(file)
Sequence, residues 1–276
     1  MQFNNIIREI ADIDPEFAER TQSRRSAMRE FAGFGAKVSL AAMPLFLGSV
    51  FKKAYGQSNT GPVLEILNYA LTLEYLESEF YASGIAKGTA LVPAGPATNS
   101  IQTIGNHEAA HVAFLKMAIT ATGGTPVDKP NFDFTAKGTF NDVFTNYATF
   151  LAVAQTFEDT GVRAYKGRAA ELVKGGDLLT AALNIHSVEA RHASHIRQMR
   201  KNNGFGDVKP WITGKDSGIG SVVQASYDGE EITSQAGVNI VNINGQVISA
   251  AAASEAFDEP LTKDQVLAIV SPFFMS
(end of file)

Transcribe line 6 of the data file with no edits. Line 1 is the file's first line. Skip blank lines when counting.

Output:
   201  KNNGFGDVKP WITGKDSGIG SVVQASYDGE EITSQAGVNI VNINGQVISA